iXceed Solutions’ Yogita Tulsiani on how non-engineering talent is offering hope to IT ventures
With technological transformations sweeping the globe, the demand for tech talent has gone through the roof, but the supply is not enough to keep pace with the current requirements.
As the war for talent intensifies, organisations across the globe are breaking age-old hiring patterns and adopting radical new solutions to keep up their workforce levels to the necessary quantity and quality.
Yogita Tulsiani, Co-founder and Director, iXceed Solutions, an end–to–end talent solutions, enterprise services, and digital solutions provider to fortune 500 companies globally, says with the emergence of the digital age, Web 3.0 has spurred the next stage of recruitment- Recruitment 3.0.
“Spearheading the Recruitment 3.0 bandwagon, IT companies worldwide are challenging hiring norms and changing how to attract and hire talent. In what is being seen as a departure from the norm, IT companies will be replacing tech talent with non-engineering candidates for as much as 10% of IT jobs,” she adds.
During an interaction with People Matters, Tulsiani talks about how non-engineering talent is offering a ray of hope to Indian IT ventures as they battle an all-time high attrition rate and look to bridge an ever-widening talent gap.
Here are some excerpts from the interview:
Tapping the non-technical talent pool
The outbreak of the global pandemic has catalysed technological transformation worldwide and triggered an unprecedented demand for tech talent.
Given the perennial tech talent crunch, the limited talent is being poached by recruiters across the globe and lured with attractive compensation, benefits, and perks. This has added fuel to the war for talent and with the ‘great resignation’, compelled IT companies to cast a wider net in search of talent. Subsequently, IT firms are hiring non-engineering graduates to grapple with the talent shortfall. Companies like Infosys and TCS are diversifying towards disciplines like liberal arts, design, business analytics, as well as BCAs, BScs, and MBAs.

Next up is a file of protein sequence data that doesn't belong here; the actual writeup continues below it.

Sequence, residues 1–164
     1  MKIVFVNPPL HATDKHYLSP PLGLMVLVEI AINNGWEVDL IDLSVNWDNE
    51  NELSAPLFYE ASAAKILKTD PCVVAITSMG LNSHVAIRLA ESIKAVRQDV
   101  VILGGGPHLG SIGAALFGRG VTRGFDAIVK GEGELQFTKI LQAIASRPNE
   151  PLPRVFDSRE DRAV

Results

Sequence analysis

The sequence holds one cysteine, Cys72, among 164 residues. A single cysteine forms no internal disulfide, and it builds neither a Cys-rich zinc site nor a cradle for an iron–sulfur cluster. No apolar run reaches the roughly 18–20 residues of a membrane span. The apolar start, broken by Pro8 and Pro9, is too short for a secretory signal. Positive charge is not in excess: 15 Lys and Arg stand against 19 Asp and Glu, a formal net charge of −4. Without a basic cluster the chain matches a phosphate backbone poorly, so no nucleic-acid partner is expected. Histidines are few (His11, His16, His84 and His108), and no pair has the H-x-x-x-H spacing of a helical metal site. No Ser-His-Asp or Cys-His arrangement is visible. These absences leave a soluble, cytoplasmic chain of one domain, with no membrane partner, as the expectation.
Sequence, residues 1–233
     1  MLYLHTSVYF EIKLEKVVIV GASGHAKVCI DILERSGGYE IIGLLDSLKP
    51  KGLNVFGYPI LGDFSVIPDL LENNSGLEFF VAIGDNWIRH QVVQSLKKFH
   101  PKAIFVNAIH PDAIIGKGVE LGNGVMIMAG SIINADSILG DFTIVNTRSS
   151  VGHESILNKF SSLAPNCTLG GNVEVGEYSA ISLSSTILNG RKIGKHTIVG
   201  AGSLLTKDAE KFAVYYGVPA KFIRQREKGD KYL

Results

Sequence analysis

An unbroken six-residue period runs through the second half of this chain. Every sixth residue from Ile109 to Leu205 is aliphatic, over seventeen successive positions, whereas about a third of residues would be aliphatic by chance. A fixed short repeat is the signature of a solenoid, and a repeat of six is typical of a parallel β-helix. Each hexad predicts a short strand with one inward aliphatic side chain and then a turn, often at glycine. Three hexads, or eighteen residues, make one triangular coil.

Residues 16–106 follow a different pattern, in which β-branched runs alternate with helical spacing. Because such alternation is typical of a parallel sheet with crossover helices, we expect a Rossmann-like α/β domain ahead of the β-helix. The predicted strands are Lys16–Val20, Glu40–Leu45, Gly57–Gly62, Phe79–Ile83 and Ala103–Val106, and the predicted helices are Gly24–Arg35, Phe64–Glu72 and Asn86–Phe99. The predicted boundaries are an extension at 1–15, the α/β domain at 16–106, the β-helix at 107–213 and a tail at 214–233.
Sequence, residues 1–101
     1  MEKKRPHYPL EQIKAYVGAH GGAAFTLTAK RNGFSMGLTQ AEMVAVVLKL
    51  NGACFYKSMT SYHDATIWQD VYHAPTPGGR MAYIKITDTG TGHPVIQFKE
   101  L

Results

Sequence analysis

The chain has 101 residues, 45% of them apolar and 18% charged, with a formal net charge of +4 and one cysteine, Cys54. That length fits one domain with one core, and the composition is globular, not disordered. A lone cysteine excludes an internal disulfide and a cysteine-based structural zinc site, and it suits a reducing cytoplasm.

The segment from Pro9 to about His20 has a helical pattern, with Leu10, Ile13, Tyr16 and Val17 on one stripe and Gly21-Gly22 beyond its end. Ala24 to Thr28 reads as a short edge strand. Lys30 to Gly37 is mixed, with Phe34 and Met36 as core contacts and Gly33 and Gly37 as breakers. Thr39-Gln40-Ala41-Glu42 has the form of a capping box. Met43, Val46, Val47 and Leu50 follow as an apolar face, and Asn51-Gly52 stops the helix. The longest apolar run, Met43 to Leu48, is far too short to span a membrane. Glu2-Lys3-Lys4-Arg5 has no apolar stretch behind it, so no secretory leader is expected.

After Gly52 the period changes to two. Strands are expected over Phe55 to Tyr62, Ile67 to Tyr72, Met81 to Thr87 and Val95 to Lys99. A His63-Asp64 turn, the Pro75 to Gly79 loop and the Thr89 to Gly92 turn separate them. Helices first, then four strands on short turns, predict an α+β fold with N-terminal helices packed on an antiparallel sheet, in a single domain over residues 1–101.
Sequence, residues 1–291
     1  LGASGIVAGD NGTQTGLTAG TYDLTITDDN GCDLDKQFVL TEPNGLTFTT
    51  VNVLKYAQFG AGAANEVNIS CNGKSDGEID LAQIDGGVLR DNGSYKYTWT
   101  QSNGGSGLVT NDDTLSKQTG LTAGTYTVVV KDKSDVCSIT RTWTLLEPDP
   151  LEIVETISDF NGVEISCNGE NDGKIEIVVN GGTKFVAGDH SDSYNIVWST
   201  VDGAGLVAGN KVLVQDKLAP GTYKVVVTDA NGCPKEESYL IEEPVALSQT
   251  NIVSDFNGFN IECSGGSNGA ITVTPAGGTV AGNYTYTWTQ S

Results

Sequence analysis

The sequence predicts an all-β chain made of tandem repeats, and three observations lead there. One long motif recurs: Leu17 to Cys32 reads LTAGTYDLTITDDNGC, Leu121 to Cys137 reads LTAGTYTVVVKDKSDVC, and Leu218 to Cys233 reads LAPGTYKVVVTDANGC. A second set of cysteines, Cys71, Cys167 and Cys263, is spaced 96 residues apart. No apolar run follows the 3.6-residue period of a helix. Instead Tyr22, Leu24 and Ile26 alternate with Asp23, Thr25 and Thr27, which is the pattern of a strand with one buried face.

Freshers the key to winning the war for talent
As the experienced tech talent pool continues to shrink, the IT sector is moving towards freshers and graduates from non-engineering backgrounds.
According to the stats, the IT services industry is forecasted to hire 3,50,000-3,60,000 freshers in FY 2022.
As the investment in technological ventures continues to mount and demand for technical projects from clients soar, freshers can be the key to winning the war for talent. The Big 4 IT companies in India, namely, Infosys, TCS, Wipro, and HCL alone, are expecting to onboard over 2,00,000 freshers in FY 20.
Double recruitment, double remuneration
To curb the rising attrition rates and meet the skyrocketing tech talent demands, the Indian IT industry is expected to double its recruitment. This will especially be true in the case of freshers and non-engineering graduates.
Before the coronavirus pandemic, non-engineering hires for the Indian IT industry accounted for only 5% and since the pandemic, the number has already doubled. But as recruitment doubles, the remuneration is also forecasted to double.
According to a global recruitment firm, the remunerations and salaries of new recruits are estimated to rise two-fold, with companies supplementing higher packages with work from anywhere flexibility.
Training to bridge the skill gap
As the demand for digital skills continues to soar and engineering talent is being replaced by non-engineering candidates, a market for new talent has sprung open.
To skill the non-engineering talent force, IT companies are building robust training and upskilling programmes for the new hires.
Accordingly, candidates from different backgrounds and disciplines are being trained, skilled, and certified for different technical roles.
For instance, Wipro has deployed a Work Integrated Learning Programme (WILP) that targets BSc and BCA graduates. Similarly, companies like Mindtree are helping graduates from non-engineering backgrounds to earn a Master’s degree in software engineering.